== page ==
Wall installation exhibited in Hanoi reminding visitors of war and death

A tentative foray into war and death, the Wall Installation of a Vietnamese-Cambodian artist invites modern people to reflect upon the troublesome past of Southeast Asia.

Wall Installation, 2012

Wall Installation, 2012

Inspired by the Cambodian genocide in the era of Khmer Rouge, Le Huy Hoang built a wall using animal bones.


“I want to remind people of the cruelty of war,” said Le, the 45-year old artist who was born in Vietnam and brought up in Cambodia. His father, a Cambodian military doctor, died in the war when Le was young. “ there is always wars going on in this world, but I want to remind people of the lives being lost,” said the artist.

“There is a wall between all of us, between countries, between cultures, those walls lead us to fight against each other”, said Le, “prejudice, discrimination,ignorance, misunderstanding are all walls.”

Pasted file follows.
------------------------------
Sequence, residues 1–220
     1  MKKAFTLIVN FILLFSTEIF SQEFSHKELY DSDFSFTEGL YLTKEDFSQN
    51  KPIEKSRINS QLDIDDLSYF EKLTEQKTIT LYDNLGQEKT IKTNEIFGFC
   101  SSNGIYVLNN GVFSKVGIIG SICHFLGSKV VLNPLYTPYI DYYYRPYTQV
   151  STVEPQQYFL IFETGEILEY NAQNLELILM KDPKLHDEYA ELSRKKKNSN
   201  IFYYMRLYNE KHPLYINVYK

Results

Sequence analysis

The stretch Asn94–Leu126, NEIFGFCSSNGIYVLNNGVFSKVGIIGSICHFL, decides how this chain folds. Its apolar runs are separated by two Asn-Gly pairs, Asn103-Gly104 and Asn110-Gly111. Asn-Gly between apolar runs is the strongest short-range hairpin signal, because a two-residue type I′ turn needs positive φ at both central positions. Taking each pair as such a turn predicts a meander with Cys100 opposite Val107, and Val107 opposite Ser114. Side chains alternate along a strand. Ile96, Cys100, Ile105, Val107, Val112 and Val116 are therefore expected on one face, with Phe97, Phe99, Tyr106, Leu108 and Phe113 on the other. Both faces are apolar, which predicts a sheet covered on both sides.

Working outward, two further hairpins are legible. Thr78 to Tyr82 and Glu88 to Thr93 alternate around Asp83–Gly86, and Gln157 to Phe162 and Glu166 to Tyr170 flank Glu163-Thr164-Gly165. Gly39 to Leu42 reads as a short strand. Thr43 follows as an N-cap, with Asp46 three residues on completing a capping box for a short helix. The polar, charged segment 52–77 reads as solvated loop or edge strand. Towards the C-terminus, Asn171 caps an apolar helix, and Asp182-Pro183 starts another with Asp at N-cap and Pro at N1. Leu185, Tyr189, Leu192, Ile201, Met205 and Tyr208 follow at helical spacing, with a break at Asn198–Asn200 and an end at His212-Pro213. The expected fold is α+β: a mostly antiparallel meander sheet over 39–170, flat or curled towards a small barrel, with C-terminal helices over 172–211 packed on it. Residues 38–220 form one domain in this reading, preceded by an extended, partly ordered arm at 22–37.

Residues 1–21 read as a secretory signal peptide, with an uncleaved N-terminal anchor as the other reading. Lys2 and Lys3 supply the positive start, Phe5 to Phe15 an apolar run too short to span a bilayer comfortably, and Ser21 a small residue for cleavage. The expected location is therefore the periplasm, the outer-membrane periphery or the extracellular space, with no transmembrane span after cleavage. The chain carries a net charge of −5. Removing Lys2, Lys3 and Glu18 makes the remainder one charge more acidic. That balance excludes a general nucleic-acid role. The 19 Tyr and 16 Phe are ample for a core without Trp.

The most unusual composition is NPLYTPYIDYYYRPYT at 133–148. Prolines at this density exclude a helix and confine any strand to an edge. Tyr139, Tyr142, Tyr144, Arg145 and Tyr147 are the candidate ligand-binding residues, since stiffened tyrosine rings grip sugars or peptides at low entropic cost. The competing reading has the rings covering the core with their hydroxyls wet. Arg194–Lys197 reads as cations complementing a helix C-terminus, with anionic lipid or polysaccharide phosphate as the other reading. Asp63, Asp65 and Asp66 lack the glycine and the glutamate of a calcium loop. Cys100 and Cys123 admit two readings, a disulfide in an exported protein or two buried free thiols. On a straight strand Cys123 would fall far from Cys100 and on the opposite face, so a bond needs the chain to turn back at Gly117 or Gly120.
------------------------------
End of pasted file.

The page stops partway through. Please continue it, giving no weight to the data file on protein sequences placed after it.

That is why Le has chosen to display his work in the Goethe Institute, a German cultural and learning centre located in central Hanoi. “I wish the German element of this place make people relate to the Berlin Wall.” Said the artist.

IMG_0243The four-metre-high installation divided the 60 sq metre windowless showroom triangularly into two distinctly suffocating space, delivering a sense of oppression.

Sitting at the foot of the installation, Le talks about another expression of his work. “Prison”, he said, “sitting here and look up, it reminds me of my days in a prison camp in Cambodia.”

“There used to be a lot of fighting, the authority usually locked up those involved, and for many a time I was kept there.” Added the artist.

Four dim light bulbs cast ghostly light on layers of ribs, teeth and skulls. They stick out from a pile of lost souls, their shapes are distorted and amplified under the light, just like the many stories the artist is trying to tell.


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